When it comes to the English language, mastering some of its nuances may be a bit complicated at first. Using be-verbs can be particularly complicated as students often struggle with whether to use “neither is” or “neither are.”
The correct choice is “neither is” for formal writing most of the time. You might use “neither are” for less formal situations. As a singular indefinite pronoun, “neither” takes a singular verb. When “neither are” is used, it’s usually in situations involving intervening phrases, such as prepositional phrases, or with compound subjects including “nor.”
We will discuss the primary differences between “neither is” and “neither are” in this article. Apart from that, we will also discuss several other related topics, such as the difference between “neither” and “either.”
Using “Neither Is” or “Neither Are”
Since the indefinite pronoun “neither” is singular in form grammatically, and we must use singular verbs with “neither” to maintain subject-verb agreement, we should always use “neither is” for formal writing. Less formal writing is a little more lenient, and you will often see “neither are” in some instances.
Either way, “neither” will allow you to make negative statements regarding at least two things or people at one time.
Neither Is and Verb Agreement
Again, singular pronouns take singular verbs, and “neither” takes the be-verbs “is” and “has” in the present tense. When you use “neither” in the form of a pronoun to indicate “not the one or the other,” it invalidates both things individually.
When you use neither as a determiner, it precedes a singular noun. It works with a singular verb like “has” or “is.”
As a Determiner:
- Neither bike is good for me.
- Neither student is aware of the answer.
- Neither applicant has the correct skills.
While speaking, “neither” can be used as a reply when referring to two different mentioned things.
As a Pronoun and Quantifier:
- Neither of them is prepared.
- Neither of the girls is performing today.
- Neither of you is correct.
Neither Are and Verb Agreement
Still, informally, we can use “neither” to invalidate not only the two possibilities individually but both as a group. Merriam-Webster notes that we can do this when a prepositional phrase that contains a plural in it goes between “neither” and the main verb (source).
For example, we might use it in constructions such as “neither of us,” “neither of the boys,” or “neither of them.” When using phrases like “neither of us,” it’s easy to become confused over whether you should use “is” or “are.”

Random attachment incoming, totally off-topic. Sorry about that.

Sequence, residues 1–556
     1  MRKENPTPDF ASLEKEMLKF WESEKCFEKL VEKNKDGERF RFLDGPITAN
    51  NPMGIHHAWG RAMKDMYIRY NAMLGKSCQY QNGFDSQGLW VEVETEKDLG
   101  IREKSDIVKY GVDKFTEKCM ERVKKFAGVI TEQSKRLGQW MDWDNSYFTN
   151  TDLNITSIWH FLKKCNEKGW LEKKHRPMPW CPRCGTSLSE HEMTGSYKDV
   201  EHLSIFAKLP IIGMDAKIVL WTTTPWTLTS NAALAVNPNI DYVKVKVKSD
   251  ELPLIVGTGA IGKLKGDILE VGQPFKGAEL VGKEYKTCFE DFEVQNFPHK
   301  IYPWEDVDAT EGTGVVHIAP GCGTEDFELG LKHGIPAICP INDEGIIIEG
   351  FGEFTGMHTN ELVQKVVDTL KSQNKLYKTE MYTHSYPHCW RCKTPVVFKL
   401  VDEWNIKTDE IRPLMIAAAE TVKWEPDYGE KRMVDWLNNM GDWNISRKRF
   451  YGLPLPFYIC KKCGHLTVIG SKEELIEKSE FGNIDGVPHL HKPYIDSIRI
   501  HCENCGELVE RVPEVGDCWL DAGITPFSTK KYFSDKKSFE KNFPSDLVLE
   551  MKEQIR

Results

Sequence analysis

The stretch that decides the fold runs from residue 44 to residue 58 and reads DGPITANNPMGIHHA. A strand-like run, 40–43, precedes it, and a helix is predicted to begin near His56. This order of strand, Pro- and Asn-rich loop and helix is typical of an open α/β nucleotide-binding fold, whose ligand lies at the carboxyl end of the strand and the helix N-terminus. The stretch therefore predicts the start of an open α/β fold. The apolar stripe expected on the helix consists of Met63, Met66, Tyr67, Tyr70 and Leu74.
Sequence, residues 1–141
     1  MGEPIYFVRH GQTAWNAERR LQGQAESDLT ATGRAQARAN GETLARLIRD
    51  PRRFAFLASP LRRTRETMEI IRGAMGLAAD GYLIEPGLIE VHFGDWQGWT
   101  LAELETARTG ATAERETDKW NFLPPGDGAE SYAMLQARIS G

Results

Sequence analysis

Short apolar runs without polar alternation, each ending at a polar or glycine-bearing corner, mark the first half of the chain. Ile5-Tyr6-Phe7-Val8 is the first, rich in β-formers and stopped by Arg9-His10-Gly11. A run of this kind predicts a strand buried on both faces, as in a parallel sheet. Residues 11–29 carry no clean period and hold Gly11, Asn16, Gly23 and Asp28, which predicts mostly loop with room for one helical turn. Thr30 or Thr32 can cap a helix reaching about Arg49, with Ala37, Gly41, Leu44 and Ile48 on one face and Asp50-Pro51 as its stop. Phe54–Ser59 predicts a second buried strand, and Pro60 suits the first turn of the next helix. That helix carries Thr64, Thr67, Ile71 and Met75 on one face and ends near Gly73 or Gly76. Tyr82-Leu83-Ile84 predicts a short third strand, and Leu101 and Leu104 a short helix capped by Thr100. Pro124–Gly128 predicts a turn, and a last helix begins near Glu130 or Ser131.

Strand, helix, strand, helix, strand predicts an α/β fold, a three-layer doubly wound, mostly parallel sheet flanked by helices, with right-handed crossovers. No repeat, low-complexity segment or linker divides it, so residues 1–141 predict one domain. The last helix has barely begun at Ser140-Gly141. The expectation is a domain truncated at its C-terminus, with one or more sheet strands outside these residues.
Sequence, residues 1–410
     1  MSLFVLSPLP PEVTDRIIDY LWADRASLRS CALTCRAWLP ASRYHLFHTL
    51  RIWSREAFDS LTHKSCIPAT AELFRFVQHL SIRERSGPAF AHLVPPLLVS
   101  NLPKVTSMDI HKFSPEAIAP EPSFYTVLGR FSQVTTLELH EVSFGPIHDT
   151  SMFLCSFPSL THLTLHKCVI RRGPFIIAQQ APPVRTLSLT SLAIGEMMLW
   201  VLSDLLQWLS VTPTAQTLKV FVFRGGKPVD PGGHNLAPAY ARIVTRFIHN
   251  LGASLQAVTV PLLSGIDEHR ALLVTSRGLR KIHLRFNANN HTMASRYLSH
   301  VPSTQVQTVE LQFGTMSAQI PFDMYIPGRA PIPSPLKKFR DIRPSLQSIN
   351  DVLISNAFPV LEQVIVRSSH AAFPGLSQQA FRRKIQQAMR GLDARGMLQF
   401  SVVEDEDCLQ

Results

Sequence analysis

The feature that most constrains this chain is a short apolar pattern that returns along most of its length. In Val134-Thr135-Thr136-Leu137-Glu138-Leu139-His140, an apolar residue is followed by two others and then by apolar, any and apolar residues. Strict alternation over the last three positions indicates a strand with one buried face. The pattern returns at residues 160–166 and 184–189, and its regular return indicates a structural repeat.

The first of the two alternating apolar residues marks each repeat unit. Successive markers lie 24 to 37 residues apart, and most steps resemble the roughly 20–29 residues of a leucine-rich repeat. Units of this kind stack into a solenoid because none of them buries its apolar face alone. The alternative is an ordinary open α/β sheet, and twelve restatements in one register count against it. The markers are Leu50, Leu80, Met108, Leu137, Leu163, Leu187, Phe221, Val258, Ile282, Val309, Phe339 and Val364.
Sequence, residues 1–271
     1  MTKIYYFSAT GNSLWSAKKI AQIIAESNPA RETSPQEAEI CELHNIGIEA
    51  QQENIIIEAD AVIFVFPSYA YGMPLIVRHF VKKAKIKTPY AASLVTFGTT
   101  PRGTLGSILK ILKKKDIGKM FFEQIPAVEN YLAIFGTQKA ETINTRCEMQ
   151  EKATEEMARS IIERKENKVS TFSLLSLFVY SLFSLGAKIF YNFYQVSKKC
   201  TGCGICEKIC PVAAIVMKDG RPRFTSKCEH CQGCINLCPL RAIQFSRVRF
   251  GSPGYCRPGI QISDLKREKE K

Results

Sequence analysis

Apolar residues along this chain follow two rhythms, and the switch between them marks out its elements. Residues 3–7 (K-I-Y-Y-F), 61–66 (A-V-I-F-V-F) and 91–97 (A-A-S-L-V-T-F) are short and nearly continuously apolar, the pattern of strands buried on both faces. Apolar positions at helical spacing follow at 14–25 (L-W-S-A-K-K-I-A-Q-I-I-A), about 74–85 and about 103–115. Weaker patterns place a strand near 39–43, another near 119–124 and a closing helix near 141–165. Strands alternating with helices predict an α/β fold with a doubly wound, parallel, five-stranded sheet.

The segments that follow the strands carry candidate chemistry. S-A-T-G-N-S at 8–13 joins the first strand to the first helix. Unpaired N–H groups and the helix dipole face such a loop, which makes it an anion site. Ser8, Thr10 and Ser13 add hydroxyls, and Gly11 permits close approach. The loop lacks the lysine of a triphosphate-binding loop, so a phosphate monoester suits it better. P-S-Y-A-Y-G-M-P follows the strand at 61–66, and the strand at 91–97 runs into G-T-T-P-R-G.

For formal writing, it will help to remember that “us” is not the subject but the object of the preposition “of.” Instead, the subject is the singular pronoun “neither,” so the verb must agree with it. Though “us” is plural, it is in the objective case.
Neither of the boys is ready. (Formal)
Neither of the boys are ready. (Informal)
Neither of the cars is designed for racing. (Formal)
Neither of the cars are designed for racing. (Informal)
Neither of us is right. (Formal)
Neither of us are right. (Informal)
Neither of the boys is wrong. (Formal)
Neither of the boys are wrong. (Informal)
Neither of them is a good cricketer. (Formal)
Neither of them are good cricketers. (Informal)
Remember to Use “Neither Is” for Formal Settings
For formal writing, you will still want to use “neither is,” even when there is an intervening prepositional phrase.
Similar confusion arises over the use of is/are when speaking about “everyone.” It is because both “neither” and “everyone” function as indefinite pronouns. Click here to read more about this.
“Neither” Is an Indefinite Pronoun and a Determiner
“Neither” is an indefinite pronoun that doubles as a determiner (source). Indefinite pronouns do not indicate or refer to any person, thing, or place in particular. Like other pronouns, an indefinite pronoun functions as a substitute for a noun phrase or a noun and can stand as the subject of a sentence.
It can be very challenging to determine whether indefinite pronouns are singular or plural, but “neither” falls under the category of singular indefinite pronouns, even though it refers to more than one thing.
Determiners are modifiers that go before nouns, and “neither” and “either” as indefinite pronoun determiners can only function with singular count nouns.
Some grammarians include “neither” and “either” under the category of distributive determiners, which we use to describe something we’re sharing out or dividing. Other examples include “each” and “every” (source).
Neither as a Pronoun
As an indefinite pronoun, “neither” can function as the subject of a sentence, meaning not the one or the other of two objects or people. Less often, you’ll see someone use it to refer to more than two people or things.
- Question: Jordan, which one would you like to have, coffee or tea?
- Answer: Neither, as I just had tea.
- There were two bats, but neither was fit for us to play.
“Neither of” as a Quantifier
“Neither” also functions as a quantifier, indicating the amount of something. When we use “neither of,” we often use it before either pronouns or plural countable nouns that have determiners like “the,” “his,” or “my” before them (source).
- Neither of us knew what to wear.
- Neither of us played well.
- Neither of the wedding cards was any good.
Neither as a Determiner
As a distributive determiner, “neither” goes before a noun to identify it (source). Determiners are similar to adjectives, but determiners can only go before a noun and not after. When we use it as a determinant, “neither” has the sense of “not either” of two options.
- Neither parent came for the meeting.
- Neither dress looked good on her.